Nabz News Review - September 19, 2014
This week in human rights in Iran
A drawing by four-year-old Mohana Ahmadi, depicting a man at the gallows as a woman and girl look on, has been making the rounds on Iranian social media. The man in the drawing is her father, Hamed Ahmadi, who has been on death row since November 2010 along with three other Sunni Kurds, all accused of “involvement in the assassination of a senior Sunni cleric” in September 2009. The accused did not have access to a lawyer during their trial and were condemned for vague charges such as moharebeh (“enmity against God”) and fasad fil-arz (“corruption on earth").
On September 14, the head of Iran’s Prisons Organization reported the transfer of a number of inmates in Ghezel Hasar Prison in Karaj to solitary confinement. This step came in response to a violent protest by inmates a few weeks earlier over mass executions of fellow prisoners; a video of the protest was leaked out and published online.
Ghoncheh Ghavami, a British-Iranian woman who was arrested for attempting to enter an arena to watch a men’s volleyball match in Tehran on June 20, has now been held at Evin Prison for almost three months. Amnesty International has been campaigning for her release.
Prominent human rights activist and lawyer Nasrin Sotoudeh will be allowed to practice law again after a ten-year ban on her professional activities was overturned. Sotoudeh was imprisoned in September 2010, and though she was released one year ago, she had been barred from legal practice.
Freedom of Expression
On September 17, the participants of the popular YouTube video “Happy in Tehran”, a music video of Pharrell Williams’s “Happy” set in Tehran, were sentenced to suspended prison sentences and lashings. The six youths were arrested in April and made to confess on television for their participation in the video. Five of them received suspended six-month sentences (one year for the filmmaker) and were condemned to 91 lashes, also suspended.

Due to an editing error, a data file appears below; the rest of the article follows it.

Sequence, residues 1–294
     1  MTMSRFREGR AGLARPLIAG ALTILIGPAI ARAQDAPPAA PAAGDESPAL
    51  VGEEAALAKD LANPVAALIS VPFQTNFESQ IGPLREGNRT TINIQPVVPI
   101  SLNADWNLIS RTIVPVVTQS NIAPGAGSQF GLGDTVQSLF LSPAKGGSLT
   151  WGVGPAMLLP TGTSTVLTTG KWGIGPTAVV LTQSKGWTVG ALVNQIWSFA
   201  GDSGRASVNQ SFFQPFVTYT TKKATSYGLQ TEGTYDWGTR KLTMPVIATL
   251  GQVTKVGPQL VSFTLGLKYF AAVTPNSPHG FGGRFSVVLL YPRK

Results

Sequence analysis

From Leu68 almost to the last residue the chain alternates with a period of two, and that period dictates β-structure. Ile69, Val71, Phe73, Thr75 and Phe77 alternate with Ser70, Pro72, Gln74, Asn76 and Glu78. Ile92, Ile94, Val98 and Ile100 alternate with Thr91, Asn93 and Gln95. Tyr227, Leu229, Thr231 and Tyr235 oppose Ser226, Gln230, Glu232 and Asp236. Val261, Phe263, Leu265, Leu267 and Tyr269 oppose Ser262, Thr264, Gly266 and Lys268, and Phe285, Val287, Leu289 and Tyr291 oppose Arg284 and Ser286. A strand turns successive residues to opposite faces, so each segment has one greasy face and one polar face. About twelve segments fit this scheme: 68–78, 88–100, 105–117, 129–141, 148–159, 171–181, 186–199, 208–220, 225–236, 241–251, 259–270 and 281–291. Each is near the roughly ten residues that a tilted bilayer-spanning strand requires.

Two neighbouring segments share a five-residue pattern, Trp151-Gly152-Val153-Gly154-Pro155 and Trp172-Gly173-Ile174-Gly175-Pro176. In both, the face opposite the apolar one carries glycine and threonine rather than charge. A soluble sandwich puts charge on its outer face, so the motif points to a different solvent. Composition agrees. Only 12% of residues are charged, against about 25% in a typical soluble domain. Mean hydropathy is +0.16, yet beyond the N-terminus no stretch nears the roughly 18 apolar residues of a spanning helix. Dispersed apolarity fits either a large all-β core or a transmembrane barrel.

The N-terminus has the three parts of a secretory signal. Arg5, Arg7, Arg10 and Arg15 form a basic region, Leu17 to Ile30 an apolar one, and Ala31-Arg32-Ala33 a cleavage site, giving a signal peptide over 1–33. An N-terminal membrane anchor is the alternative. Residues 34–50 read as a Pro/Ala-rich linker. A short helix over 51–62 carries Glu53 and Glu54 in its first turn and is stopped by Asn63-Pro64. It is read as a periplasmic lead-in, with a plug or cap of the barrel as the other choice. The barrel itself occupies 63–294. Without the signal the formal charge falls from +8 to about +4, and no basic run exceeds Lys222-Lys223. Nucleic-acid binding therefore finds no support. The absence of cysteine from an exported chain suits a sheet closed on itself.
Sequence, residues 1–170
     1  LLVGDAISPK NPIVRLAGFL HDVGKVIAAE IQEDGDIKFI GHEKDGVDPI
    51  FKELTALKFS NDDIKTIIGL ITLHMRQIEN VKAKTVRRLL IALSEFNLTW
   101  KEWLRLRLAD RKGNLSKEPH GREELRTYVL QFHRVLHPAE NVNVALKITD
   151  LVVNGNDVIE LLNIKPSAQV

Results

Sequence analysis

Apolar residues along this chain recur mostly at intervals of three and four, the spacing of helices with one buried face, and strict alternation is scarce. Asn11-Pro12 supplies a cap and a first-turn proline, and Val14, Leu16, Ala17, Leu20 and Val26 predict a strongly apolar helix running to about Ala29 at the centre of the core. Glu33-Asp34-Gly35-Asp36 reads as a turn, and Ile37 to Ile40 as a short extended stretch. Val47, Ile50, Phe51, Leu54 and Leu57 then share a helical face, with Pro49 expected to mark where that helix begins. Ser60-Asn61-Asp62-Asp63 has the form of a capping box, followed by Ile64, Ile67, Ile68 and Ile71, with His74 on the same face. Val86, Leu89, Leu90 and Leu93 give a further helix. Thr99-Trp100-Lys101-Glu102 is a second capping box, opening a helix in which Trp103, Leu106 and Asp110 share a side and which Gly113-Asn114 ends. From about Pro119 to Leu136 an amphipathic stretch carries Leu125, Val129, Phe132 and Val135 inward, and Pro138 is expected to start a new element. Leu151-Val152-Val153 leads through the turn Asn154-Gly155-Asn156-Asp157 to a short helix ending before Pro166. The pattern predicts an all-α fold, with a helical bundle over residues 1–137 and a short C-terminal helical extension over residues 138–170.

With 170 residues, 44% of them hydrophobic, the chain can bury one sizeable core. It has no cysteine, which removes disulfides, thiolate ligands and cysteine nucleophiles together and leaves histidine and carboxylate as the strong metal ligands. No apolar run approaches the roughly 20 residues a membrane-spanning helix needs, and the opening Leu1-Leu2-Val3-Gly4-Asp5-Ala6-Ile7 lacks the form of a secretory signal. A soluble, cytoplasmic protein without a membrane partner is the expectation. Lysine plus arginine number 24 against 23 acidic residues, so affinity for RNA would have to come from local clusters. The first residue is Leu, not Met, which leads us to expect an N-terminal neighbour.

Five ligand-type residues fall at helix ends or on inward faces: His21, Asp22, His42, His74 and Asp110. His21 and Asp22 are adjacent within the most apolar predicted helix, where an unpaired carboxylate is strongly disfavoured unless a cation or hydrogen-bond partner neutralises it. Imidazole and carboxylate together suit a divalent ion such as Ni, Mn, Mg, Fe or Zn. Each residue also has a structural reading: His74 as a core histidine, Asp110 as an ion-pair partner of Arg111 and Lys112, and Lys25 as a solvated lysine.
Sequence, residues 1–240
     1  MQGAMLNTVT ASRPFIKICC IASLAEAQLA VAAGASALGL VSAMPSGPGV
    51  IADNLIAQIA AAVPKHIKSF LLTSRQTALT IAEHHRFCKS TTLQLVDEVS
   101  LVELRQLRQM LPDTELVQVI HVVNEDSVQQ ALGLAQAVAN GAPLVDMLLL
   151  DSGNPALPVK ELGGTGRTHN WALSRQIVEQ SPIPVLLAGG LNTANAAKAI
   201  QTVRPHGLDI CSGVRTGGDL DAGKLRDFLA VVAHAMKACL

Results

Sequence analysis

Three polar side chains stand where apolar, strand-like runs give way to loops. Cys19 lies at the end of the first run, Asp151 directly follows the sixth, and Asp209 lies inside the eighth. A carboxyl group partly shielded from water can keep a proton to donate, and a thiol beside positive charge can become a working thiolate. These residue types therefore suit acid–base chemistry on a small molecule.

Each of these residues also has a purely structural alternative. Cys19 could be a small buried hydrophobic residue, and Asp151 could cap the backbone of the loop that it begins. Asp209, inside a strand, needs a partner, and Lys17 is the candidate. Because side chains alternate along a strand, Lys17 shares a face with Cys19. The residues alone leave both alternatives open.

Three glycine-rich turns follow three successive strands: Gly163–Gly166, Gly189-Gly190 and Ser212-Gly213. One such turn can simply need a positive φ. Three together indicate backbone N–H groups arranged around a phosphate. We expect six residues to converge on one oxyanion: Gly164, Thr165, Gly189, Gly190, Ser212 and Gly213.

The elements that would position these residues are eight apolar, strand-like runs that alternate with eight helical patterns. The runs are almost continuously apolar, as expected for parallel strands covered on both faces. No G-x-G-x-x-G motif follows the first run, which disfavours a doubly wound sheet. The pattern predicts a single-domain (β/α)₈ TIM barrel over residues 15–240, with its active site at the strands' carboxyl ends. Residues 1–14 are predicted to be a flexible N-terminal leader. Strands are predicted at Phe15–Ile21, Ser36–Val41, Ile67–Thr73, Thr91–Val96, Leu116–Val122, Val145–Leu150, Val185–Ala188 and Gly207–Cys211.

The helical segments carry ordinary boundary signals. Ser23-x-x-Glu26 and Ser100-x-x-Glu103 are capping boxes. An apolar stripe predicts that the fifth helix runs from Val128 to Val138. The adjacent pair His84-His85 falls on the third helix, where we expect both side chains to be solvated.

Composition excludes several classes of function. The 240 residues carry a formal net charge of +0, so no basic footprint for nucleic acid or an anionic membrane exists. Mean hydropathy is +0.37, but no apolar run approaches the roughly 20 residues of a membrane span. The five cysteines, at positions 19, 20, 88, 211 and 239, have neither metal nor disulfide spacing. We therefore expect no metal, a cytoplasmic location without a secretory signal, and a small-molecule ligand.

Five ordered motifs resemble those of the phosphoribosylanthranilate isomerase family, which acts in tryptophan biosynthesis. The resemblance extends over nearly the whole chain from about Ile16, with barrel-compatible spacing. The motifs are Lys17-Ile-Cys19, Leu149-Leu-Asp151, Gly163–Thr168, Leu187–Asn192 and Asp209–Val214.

The film “Shiftegi (Infatuation)” by director Ali Zamani Esmati has been denied permission for screening in Iran. Abbas Naderi, head of the office that issues permits for film screenings in Iran, said that the presence of a female character with a shaved head was the official reason for the denial.
Yahoo! has once again allowed Iranian users to open accounts and access Yahoo Messenger, one year after the company removed Iran from the list of countries in which its services are accessible. Proponents of digital freedom had campaigned for Yahoo! to restore these services for Iranians.
On September 12, the head of Iran’s cyber police announced that any messages insulting Ayatollah Khomeini sent via mobile communication apps (such as WhatsApp and Viber) would result in the prosecution of the users who publish such messages. This was a direct acknowledgement by a senior Iranian security official that authorities monitor citizens’ digital correspondence, in violation of Article 25 of the Iranian Constitution. On September 17, HRANA reported the arrest of a number of individuals in Fars Province for posting remarks deemed insulting to Khomeini on social media. One day earlier, the International Campaign for Human Rights reported that the blogger Soheil Arabi was sentenced to death for insulting the prophet Muhammad on Facebook.
The head of Iran’s Research Centre for HIV/AIDS announced that the rate of AIDS infection among child laborers in Iran is 45 times that of the general population. Most of these children are infected with HIV as a result of rape.